Archive for Highway Song

The Biggest Tragedy of 1983

Posted in 1980s, Death, Heavy Metal and the 1980s, Music, Rock, Uncategorized with tags , , , , , , , , , , , on October 30, 2016 by 80smetalman

 

Pay tribute to these brave souls

Pay tribute to these brave souls

I make no apologies for repeating myself from a post I made three years ago or for the fact that this has little to do with music. Furthermore, I make no apologies for anyone who has read my post about this on my Peaceful Rampage blog. But for all the great music I experienced in 1983 and the joy of getting out of the marines that year and all the good memories of said year, the one tragedy that will always haunt me from 1983 will be the bombing of the marines barracks in Beirut, Lebanon on October 23, 1983.

A total of 241 lives were lost that day, some of them good friends of mine. I spent nearly three of my four years of service in the battalion that was blown up over there and knew a lot of those guys. I lived and partied with them so I guess you could say they were like family to me when I was serving. That’s why this tragedy has lingered with me for so many years. Maybe it’s also the fact that shortly after, America seemed to simply sweep it all under the carpet and forget about it. What was worse, a year later, it re-elected the madman president who had sent them there in the first place. Reagan was so determined to get the military involved in something that he recklessly sent the marines into something he, himself, wasn’t sure what the objectives were. I remember one of my friends who wrote me before he left for Lebanon saying, “We’re going to Beirut to get grenades thrown at us.”

Since I began 80smetalman nearly seven years ago, I have stated that on many occasions that my experiences in the Marines played a part in shaping me into the metalhead I am today. Not just metal, either. If I hadn’t spent the better part of four years in North Carolina, I wouldn’t have been so immersed in Southern Rock. In fact, one memory that has sprung to mind was how every time that friend would and I would get in my car to go out partying, he would want Blackfoot, “Strikes” played on the cassette player. He was a big Blackfoot fan which was why I played that album and the “Highway Song” album so much in the weeks following the tragedy.

When I did post about this tragedy three years ago, I had a lot of condolences and support from many of you my readers, to which I am still truly grateful. I hope you will be just as understanding this time around and possibly as a tribute play some of the following albums many of these comrades in arms introduced me to while I was serving with them.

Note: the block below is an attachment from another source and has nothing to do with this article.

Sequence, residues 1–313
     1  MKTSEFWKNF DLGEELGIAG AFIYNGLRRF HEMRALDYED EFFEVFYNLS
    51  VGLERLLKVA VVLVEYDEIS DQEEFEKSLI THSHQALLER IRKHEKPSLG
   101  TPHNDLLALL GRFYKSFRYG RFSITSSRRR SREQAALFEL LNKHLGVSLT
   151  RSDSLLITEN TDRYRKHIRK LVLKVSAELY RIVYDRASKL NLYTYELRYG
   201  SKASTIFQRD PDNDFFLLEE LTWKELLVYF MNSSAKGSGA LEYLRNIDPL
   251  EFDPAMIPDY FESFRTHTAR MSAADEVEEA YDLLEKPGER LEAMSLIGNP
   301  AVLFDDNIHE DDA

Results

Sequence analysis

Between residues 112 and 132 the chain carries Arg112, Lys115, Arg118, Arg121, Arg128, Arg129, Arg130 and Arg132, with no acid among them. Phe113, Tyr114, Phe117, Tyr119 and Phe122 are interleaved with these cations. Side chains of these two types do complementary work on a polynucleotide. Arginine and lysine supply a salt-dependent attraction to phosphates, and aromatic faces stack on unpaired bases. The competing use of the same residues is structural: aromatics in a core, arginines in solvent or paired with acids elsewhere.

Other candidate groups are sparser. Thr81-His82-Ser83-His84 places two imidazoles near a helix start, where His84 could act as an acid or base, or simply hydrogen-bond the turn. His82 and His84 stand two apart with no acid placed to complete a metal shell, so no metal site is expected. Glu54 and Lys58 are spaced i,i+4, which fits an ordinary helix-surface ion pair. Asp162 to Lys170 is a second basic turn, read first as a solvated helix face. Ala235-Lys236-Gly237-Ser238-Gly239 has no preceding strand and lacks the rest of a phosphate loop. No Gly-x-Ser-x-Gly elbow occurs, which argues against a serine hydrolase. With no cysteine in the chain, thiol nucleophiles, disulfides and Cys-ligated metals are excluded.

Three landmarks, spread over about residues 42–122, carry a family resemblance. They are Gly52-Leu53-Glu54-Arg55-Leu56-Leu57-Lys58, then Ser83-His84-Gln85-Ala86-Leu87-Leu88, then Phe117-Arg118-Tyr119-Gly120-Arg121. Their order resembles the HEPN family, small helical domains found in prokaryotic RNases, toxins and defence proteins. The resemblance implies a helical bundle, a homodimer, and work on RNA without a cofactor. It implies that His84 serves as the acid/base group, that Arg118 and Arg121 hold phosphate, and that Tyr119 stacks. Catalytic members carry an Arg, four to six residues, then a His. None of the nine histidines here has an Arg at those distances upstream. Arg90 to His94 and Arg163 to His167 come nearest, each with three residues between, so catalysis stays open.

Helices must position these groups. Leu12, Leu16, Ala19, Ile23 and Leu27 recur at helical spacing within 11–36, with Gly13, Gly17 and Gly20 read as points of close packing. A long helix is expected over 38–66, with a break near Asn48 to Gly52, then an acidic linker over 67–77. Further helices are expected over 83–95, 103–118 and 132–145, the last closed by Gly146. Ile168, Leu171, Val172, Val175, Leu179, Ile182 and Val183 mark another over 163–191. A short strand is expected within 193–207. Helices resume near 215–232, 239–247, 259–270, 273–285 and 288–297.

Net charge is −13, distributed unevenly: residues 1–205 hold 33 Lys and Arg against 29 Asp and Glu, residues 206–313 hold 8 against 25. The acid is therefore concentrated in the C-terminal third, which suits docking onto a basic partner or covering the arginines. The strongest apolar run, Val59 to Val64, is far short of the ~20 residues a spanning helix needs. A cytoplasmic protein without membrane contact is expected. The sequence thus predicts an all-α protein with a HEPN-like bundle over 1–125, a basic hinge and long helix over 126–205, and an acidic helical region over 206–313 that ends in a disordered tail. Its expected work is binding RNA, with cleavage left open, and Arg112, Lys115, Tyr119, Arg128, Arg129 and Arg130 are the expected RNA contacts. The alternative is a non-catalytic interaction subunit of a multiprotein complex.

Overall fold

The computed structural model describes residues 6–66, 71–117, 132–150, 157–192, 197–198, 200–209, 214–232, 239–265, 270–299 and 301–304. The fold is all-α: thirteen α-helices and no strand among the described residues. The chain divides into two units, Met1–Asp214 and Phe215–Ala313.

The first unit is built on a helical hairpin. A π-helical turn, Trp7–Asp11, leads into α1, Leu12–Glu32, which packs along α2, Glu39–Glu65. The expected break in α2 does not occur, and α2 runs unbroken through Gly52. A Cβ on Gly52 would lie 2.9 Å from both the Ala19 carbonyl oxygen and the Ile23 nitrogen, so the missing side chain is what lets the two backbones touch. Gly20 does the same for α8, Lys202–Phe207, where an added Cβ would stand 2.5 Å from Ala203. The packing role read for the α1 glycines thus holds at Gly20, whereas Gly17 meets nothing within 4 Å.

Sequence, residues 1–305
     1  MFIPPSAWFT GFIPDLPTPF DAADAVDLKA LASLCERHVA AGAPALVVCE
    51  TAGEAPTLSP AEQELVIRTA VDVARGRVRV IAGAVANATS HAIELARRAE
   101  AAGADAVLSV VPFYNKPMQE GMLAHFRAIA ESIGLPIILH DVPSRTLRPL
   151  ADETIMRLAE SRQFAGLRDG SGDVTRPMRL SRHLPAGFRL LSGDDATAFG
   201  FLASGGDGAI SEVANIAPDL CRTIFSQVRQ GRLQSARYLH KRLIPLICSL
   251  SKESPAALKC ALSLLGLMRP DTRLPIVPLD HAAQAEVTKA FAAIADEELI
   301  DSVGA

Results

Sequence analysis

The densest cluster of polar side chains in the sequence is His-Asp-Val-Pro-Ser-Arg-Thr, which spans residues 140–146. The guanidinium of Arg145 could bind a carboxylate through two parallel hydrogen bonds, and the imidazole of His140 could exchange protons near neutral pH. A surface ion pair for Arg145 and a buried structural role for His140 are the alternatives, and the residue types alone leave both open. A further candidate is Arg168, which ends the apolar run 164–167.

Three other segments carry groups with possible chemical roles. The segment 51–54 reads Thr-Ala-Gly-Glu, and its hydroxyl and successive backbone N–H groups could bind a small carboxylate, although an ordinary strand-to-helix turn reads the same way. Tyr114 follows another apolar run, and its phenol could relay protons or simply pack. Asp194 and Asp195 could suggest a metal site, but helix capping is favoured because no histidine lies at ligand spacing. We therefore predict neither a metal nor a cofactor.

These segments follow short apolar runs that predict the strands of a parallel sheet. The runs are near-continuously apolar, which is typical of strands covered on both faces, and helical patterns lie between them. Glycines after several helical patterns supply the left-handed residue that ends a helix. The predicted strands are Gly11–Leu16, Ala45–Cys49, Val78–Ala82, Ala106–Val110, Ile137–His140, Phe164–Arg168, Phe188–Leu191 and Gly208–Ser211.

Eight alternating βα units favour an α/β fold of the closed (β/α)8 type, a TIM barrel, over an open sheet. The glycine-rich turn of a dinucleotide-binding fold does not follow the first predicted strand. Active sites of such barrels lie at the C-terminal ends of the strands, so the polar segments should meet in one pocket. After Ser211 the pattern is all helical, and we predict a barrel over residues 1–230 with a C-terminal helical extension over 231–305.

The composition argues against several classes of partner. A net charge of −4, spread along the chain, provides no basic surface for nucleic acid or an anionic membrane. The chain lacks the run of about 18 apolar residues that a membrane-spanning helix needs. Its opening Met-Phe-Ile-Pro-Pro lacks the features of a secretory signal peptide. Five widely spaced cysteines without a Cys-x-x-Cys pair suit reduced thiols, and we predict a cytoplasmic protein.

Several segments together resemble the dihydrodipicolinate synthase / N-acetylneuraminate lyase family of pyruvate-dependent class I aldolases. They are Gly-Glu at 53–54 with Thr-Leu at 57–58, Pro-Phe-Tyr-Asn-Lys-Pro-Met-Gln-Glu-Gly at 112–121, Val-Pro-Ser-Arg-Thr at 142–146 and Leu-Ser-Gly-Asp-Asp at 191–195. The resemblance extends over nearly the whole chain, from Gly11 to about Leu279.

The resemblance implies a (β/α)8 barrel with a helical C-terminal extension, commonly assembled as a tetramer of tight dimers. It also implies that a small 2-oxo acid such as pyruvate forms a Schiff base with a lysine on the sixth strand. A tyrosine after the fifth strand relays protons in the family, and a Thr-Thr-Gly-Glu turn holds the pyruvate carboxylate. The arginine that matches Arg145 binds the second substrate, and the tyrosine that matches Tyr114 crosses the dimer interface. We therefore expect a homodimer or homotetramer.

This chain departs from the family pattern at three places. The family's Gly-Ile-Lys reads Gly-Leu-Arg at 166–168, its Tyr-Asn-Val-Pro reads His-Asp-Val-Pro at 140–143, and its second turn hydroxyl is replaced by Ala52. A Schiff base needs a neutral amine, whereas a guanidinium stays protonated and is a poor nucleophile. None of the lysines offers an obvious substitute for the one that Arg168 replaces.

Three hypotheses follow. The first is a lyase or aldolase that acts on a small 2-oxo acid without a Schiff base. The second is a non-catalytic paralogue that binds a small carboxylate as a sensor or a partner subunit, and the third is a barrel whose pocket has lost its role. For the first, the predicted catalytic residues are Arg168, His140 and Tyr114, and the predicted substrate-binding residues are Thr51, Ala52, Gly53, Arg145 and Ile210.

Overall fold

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R-150-1986236-1280267276

220px-Black_Sabbath_Heaven_and_Hell

Rush_2112

220px-Def_Leppard_-_High_'n'_Dry

There are definitely more albums than this but these are the ones that have always stuck in my mind. Have a listen to one or more and remember those who died in this tragedy.

Next post: Kix- Cool Kids

To buy Rock and Roll Children, go to http://www.strategicpublishinggroup.com/title/RockAndRollChildren.html

Also available on Amazon, Barnes and Noble and Froogle and on sale at Foyles Book Shop in London

 

 

 

 

 

 

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Great Rock/Metal Albums of 1982: Blue Oyster Cult- Extra-Terrestrial Live

Posted in 1980s, Concerts, Heavy Metal, Heavy Metal and the 1980s, Music, Rock, Uncategorized with tags , , , , , , , , , , , , , on June 22, 2015 by 80smetalman

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Just back from a nice weekend break at Butlin’s Holiday Camp in Minehead and it was nice to get away for a few days. The downside was since places like Butlin’s are family oriented, there is little scope for metal. We took the grandkids to a panto of Aladdin where I witnessed an act of sacrilege. In the panto, Aladdin and Jasmine sang a duet of the classic Guns ‘N Roses song “Sweet Child of Mine.” Of course, they tried to make it sound cute and that’s bad enough. However, they made it worse by fusing it with “Living On a Prayer.” It drew a big WTF? from this person. After the panto there was a group called The Ragdolls who were a tribute Frankie Valli and the Four Seasons act. They were okay but what I found amusing was the guitarist. When allowed, he could really wail and I got the vibe that he would rather be wailing away on some great rock as opposed to playing Four Seasons’ songs. Sorry, I didn’t take any pictures.

1982 featured two magnificent live albums from bands I’ve never seen live and with both, the results are the same: After listening to those albums, I regret not having seen them live even more. I’ve already visited the first album, Blackfoot’s “Highway Song” and the second one is Blue Oyster Cult’s “Extra- Terrestrial Live.” All but two songs were recorded during the “Fire of Unknown Origin” tour, the band’s previous album, so you know that this live album is going to be great straight away. The three songs that appear from that album sound even better live! The piano intro on “Joan Crawford” sounds even more eerie and they don’t leave out the sound effects like the screeching brakes, which some bands tend to do live. Even “Burning for You” has a more upbeat feel that makes you think you’re in the arena pumping your first along to the song. However, both of those songs pale to the live version of “Veteran of 1000 Psychic Wars.” The song is extended to include some great guitar soloing from Buck Dharma. That takes nothing from the rest of the song where the keyboards sound just as fresh as when done in the studio. Fantastic!